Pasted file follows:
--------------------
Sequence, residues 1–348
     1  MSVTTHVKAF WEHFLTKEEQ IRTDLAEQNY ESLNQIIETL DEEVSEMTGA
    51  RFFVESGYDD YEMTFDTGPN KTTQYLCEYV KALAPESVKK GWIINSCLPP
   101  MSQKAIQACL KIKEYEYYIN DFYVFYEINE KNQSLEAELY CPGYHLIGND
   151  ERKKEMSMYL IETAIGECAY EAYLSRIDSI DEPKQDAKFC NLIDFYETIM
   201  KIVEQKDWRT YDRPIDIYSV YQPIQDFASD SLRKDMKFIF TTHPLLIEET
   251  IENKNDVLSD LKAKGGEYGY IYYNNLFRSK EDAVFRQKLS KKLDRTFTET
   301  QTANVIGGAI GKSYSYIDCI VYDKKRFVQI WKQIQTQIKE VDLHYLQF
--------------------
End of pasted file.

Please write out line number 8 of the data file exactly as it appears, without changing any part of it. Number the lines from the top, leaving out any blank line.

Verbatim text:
   301  QTANVIGGAI GKSYSYIDCI VYDKKRFVQI WKQIQTQIKE VDLHYLQF